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Investing Specialists

No Perfect Shelter From the Storm

Why low-volatility funds have had mixed results during the pandemic-driven downturn.

Editor’s note: Read the latest on how the coronavirus is rattling the markets and what investors can do to navigate it.

Equity funds focusing on stocks that have historically shown lower levels of volatility seem like they could offer the best of both worlds: the growth potential of stocks with less risk. Investors have apparently been enticed by that potential: These “low-volatility” funds have been increasingly popular in recent years, garnering an estimated $45.3 billion in net inflows over the trailing three years ended Dec. 31, 2019.  

But have these funds lived up to their promise lately amid severe market turbulence? To examine that, we analyzed the performance of a subset of low-volatility funds--U.S. large-cap mutual funds and exchange-traded funds--during the recent pullback. The bottom line? They’ve taken some of the edge off, but the results have varied widely: From Feb. 20 through March 31, 2020, the average U.S. large-cap low-volatility fund lost 22.95% versus a 23.48% loss for the S&P 500, with more than 13 percentage points separating the best and worst performers.

While the best members of the group have performed admirably, the overall results have been pretty disappointing. Indeed, the subset of low-volatility funds focusing on U.S. large-cap stocks fared better in previous downturns. In 2008, for example, they posted an average loss of 29.7%, about 7 percentage points better than the S&P 500. Similarly, they lost about 4.5 percentage points less than the index in the fourth quarter of 2018.

Why have some of these funds faltered in the most recent downturn? For one, the novel coronavirus crash has been exceptionally swift, severe, and widespread. Traditional safe havens such as stocks with higher-than average dividends have dropped as much as or more than the overall market. As a result, funds such as Invesco S&P 500 High Dividend Low Volatility ETF (SPHD) (which lost 29.7% from Feb. 20 through March 31) and Voya U.S. High Dividend Low Volatility (VHDAX) (down 25.4% over the same period) have been particularly hard-hit. Funds with heavier-than-average weightings in energy stocks, financials, and utilities have also suffered. On the flip side, funds that had heavier weightings in technology, healthcare, and consumer defensive stocks fared better, as did those with more exposure to large-cap growth issues.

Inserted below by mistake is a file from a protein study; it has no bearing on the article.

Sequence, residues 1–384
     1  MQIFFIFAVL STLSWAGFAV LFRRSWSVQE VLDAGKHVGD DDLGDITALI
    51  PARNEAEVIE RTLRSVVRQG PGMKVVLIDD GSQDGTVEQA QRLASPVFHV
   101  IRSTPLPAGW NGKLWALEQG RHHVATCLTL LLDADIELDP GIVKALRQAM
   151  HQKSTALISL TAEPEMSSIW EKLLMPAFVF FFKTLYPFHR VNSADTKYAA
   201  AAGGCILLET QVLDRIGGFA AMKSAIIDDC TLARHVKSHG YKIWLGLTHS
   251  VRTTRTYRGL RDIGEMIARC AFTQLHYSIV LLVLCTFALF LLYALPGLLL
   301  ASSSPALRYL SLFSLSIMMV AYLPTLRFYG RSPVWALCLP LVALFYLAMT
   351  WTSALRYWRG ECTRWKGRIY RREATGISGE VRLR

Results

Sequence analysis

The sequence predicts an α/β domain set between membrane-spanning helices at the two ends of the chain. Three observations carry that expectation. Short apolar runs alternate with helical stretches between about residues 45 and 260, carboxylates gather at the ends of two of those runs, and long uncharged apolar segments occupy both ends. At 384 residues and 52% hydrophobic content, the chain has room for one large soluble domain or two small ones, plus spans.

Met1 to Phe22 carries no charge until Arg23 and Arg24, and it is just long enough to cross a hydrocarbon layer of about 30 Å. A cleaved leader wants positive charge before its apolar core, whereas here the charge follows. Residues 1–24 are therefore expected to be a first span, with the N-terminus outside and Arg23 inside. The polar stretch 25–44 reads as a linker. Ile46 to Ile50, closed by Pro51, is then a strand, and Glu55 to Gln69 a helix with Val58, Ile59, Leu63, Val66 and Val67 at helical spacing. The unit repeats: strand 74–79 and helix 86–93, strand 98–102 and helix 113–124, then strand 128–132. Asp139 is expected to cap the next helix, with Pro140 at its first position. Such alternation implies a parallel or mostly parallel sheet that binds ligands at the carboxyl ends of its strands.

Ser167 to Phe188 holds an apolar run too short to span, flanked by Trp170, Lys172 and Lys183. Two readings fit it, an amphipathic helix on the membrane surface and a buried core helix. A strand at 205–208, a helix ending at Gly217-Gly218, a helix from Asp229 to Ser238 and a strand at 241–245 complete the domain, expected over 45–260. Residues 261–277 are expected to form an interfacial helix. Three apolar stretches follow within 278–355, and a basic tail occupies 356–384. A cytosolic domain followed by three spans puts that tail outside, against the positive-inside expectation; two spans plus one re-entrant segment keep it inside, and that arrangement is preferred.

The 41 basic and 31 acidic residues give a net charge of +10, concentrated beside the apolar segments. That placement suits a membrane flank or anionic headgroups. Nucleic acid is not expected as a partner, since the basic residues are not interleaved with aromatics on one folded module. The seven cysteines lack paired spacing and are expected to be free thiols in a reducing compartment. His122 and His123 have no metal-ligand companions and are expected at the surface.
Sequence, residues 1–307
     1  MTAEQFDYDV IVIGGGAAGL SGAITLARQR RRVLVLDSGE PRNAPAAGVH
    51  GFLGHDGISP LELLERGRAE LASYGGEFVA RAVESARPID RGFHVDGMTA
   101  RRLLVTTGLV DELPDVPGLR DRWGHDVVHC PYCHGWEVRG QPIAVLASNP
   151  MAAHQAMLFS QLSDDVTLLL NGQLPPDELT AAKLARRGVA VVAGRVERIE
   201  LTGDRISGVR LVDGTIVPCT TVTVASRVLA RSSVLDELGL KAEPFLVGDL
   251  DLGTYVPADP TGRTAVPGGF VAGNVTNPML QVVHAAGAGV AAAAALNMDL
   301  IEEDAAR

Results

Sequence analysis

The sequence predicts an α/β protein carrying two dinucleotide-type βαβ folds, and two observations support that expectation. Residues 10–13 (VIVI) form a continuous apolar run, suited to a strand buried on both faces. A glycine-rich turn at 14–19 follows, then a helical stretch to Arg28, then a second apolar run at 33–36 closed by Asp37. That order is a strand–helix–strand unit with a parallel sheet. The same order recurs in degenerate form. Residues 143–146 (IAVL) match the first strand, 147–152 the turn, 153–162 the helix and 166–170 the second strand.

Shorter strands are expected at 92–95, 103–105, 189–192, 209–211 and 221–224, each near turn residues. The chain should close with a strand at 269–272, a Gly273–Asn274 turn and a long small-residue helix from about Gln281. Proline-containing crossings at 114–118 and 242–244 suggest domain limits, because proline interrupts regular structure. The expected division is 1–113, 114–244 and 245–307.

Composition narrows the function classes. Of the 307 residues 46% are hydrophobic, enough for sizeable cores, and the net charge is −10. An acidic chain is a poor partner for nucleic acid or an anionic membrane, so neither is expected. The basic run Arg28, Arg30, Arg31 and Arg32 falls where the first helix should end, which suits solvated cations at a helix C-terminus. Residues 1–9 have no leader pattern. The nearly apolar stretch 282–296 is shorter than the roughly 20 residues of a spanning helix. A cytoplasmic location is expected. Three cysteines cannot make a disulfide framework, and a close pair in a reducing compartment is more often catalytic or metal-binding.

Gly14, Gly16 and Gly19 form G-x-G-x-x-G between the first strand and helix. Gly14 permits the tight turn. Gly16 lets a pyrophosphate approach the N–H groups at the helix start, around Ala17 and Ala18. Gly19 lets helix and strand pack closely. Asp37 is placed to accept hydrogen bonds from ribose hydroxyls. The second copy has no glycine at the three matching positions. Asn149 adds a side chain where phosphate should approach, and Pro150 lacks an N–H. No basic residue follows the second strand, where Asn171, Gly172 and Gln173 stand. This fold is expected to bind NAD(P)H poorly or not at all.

One standout in the group of 35 low-volatility funds we studied was Invesco U.S. Managed Volatility (USMVX), which lost 10.98% in the period from Feb. 20 through March 31. Those losses are still painful in absolute terms, but much better than those suffered by its peers. IShares Edge MSCI Minimum Volatility USA ETF (USMV)--by far the biggest low-volatility fund, with about $29.5 billion in assets--lost about 1.6 percentage points less than the index during the same period.

Overall, U.S. large-cap low-volatility funds did hold up better than the S&P 500 during the recent pullback, but not as well as they’ve done in the past. On average, the group’s downside-capture ratio (calculated by taking monthly returns during months with negative market returns and dividing it by the benchmark’s return during the same months) has been about 80% over the past three years. During the worst days of the recent downturn, on the other hand, the downside-capture ratio for this subset of funds has been closer to 90%.

That’s apparently scared away some shareholders, as the majority of low-volatility funds suffered outflows in March. Investors pulled an estimated $2.5 billion in assets from these funds during the month.

The bottom line is that low-volatility funds can only do so much. At the end of the day, they’re still equity funds and will ultimately be driven by whatever happens in the equity markets. Performance during the recent market rout also serves as a helpful reminder that volatility is not equivalent to risk. Low-volatility funds have indeed lived up to their name by delivering less volatility (as measured by standard deviation) than the market index over the trailing three-year period. But lower volatility doesn’t always translate into better performance in market downdrafts.

To truly protect a portfolio against downside volatility, there’s no substitute for asset-class diversification. Despite some liquidity issues and trading disruptions during the recent market chaos, higher-quality bonds have still served a valuable role in buffering losses. As a result, a traditional balanced portfolio combining 60% stocks and 40% bonds would have lost less than half has much as an equity-only portfolio since the market peak on Feb. 20.

Low-volatility equity funds can still fill a role, but it’s key to remember that they’re still equity funds and should count as stock exposure in your portfolio. Investors buying into these funds shouldn’t expect them to provide a significant return advantage--especially in the most turbulent markets.

Amy C. Arnott does not own (actual or beneficial) shares in any of the securities mentioned above. Find out about Morningstar’s editorial policies.